February is the shortest month of the year. And, in many places, it’s one of the coldest. However, its birthstone is definitely one of the loveliest.
February’s birthstone, Amethyst, makes for very flexible fashion choices. That’s because they complement both warm and cool colors. Looking beautiful, no matter what metal we set them in. Plus, they wear well with virtually any other color.
Amethysts are relatively abundant. The price difference between a small Amethyst and a large Amethyst is usually not that great. So, if you’re looking for a statement piece, Amethyst makes an excellent, cost-effective option.
Amethyst Special Meanings
Amethysts have been believed to promote:
- quick wits
From the quartz family (one of the most abundant materials found in the earth’s crust.) Above all, Amethysts are always purple. However, there’s some debate about what causes this color.
Is it from the presence of iron oxide, manganese, or hydrocarbons in the stone? Colors range from lighter, pinkish shades to very dark, nearly black shades. What is known as the “ideal” hue is called “Deep Siberian.” It has a primary purple hue. Sometimes a single Amethyst contains layers of various different hues. Consequently, the cut of the gemstone is very important as it determines the overall color of the finished gem.
Did you know some people refer to green quartz as green Amethyst? However, the proper terminology is Prasiolite.
History & Lore
February’s birthstone, Amethyst, has been popular for at least 25,000 years. That’s quite a run!
- They’ve been found as decorations on prehistoric artifacts discovered in France.
- For several centuries, Amethysts were one of the “Cardinal gems”. As one of the five rarest gemstones, they were considered as the most precious of gems. This changed when abundant supplies of the stones were found around the world.
- The word “Amethyst” comes from the Greek amethystos. Roughly translated, it means “not drunk.” Amethyst protected you from intoxication and the charms of the Greek god Dionysus (Bacchus in Roman mythology). For this reason, wine was often drunk out of Amethyst carved cups so you would not become drunk.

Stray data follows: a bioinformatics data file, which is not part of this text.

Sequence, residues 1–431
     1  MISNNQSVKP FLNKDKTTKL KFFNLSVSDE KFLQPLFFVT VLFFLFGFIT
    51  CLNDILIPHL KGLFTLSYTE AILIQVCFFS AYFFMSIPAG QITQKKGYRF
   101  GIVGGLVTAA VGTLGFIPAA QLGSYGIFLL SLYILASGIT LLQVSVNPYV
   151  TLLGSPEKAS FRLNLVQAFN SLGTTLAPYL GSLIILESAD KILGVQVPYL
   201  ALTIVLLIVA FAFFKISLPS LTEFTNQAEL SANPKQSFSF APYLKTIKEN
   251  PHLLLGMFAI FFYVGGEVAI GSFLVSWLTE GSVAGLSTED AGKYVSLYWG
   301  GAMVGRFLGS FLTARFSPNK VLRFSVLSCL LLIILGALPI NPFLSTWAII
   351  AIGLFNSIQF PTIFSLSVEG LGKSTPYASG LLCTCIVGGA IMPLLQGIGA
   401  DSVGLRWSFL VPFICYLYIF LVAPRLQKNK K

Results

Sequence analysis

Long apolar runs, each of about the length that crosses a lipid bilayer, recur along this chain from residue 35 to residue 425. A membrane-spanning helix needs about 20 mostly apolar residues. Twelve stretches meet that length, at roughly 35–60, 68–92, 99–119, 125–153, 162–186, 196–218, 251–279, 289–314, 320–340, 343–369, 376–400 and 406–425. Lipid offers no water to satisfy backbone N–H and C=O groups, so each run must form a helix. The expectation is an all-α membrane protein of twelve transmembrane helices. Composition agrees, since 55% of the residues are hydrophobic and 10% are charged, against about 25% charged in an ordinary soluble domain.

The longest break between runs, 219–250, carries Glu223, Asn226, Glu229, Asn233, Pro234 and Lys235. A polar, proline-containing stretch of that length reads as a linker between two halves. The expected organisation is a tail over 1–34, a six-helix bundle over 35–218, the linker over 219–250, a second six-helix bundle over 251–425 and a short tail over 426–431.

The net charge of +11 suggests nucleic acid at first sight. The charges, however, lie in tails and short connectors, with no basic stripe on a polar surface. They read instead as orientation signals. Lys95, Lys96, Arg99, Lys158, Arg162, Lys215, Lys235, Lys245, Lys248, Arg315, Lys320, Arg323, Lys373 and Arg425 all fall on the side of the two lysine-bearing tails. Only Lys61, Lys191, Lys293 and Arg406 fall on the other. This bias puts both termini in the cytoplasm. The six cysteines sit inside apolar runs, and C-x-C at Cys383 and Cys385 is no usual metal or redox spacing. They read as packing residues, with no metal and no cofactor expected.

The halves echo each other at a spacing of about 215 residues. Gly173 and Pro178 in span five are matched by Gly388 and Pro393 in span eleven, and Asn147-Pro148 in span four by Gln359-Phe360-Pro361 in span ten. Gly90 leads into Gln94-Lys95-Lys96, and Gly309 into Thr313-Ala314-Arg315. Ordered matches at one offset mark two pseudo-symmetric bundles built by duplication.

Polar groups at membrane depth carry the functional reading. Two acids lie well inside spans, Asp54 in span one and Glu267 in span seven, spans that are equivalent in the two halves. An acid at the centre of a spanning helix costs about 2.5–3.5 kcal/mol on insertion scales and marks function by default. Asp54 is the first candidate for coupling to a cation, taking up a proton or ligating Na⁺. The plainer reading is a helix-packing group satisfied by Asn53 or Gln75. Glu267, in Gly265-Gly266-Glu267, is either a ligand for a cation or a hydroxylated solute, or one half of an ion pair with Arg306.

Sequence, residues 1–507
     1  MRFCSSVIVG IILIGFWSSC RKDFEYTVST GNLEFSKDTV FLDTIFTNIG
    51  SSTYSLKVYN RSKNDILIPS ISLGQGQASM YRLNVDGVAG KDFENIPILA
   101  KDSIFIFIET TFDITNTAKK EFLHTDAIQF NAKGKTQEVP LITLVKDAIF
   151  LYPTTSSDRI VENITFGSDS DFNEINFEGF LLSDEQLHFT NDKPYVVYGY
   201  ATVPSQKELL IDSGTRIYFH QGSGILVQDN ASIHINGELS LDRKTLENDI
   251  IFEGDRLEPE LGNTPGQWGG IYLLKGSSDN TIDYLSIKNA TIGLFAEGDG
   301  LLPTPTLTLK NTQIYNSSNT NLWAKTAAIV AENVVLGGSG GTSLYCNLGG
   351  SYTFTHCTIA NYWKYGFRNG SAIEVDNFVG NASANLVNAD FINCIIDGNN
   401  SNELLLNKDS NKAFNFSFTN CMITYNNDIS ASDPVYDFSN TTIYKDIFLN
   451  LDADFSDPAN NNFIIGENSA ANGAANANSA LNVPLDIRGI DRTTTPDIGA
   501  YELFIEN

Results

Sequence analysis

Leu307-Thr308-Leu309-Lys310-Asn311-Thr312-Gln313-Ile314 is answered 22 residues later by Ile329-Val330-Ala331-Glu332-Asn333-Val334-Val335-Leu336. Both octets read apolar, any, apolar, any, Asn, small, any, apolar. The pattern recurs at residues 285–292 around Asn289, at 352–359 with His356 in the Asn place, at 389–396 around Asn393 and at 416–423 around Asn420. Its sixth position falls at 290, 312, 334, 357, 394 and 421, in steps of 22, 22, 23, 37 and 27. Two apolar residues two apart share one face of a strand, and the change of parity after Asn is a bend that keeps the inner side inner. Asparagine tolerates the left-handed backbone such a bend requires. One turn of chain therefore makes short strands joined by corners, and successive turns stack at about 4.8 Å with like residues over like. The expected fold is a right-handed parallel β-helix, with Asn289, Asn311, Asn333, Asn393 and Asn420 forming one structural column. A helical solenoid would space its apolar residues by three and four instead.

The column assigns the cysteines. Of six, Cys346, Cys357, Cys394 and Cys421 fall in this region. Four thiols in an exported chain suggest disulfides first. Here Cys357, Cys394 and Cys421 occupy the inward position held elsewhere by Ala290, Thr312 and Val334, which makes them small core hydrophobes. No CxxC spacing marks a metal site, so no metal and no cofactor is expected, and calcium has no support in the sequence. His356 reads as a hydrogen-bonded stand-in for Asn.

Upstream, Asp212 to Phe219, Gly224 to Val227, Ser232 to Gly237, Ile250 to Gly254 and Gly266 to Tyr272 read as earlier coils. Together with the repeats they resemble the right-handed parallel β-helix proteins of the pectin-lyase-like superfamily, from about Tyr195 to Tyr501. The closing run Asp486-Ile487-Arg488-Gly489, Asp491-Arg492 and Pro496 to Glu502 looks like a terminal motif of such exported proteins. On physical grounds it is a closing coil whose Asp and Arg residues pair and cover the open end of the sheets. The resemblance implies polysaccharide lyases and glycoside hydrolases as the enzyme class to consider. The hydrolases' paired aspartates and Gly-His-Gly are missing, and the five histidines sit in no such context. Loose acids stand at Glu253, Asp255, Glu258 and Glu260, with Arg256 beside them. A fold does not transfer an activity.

- Tibetans consider Amethyst to be sacred to Buddha. They often create prayer beads from the stone.
- They’ve long been associated with the deity of Christ and the authority of royalty.
- Royals have favored deep purple Amethyst since at least Alexander the Great’s time.
- It’s said that Cleopatra wore an Amethyst ring engraved with the image of the Persian god Mithras.
- Saint Valentine wore an Amethyst ring engraved with the image of Cupid.
A significant source of Amethyst is the Bolivian Anahi mine. In the 1600s, a Spanish Conquistador stumbled across the source. It was gifted to him as a dowry when he married Princess Anahi of the Ayoreo tribe. The mine is also famous for its unique ametrine crystals. These bi-colored gems are both amethyst and citrine. Therefore, they display both purple and yellow colors.
Where Is Amethyst Found?
Up until the 19th century, Russia was the main source of gem-quality Amethyst. Plus, they were as rare as Rubies and Emeralds. But when large deposits were discovered in Brazil all of a sudden Amethyst was in great abundance. Today, you mostly find them in Africa and South America. In North America, it’s mined in Canada, Arizona, and North Carolina.
They are often found inside geodes or volcanic rocks. In fact, at times they form in giant hollow, crystal-lined geodes so big you can stand in them.
Care & Maintenance of Amethyst
Like other forms of quartz, Amethyst measures a 7 on the Mohs Hardness scale. So, it’s rather hard and durable. This makes it a great choice for jewelry, even for rings. However, over a few years of daily wear, your Amethyst ring may show some abrasion on the stone’s facets. If the ring is worn daily you may want to have these polished.
Heat and Light
Exposure to extreme heat can change them to brownish-yellow, red, or even green. Sometimes heat even transforms an Amethyst into Citrine. An Amethyst’s purple color may fade over time with prolonged exposure to strong light. Even though this doesn’t occur with normal practices, it’s not a gem to wear to the beach every day.
Cleaning and Maintenance
Your safest option for cleaning your Amethyst jewelry at home is a soft toothbrush with mild soap and water. In addition, they can be cleaned in an ultrasonic bath. Steam cleaning is not recommended.
Interested in a fine selection of February’s birthstone, Amethyst, or designing your own custom piece? Call us at Copeland Jewelers, or come in today!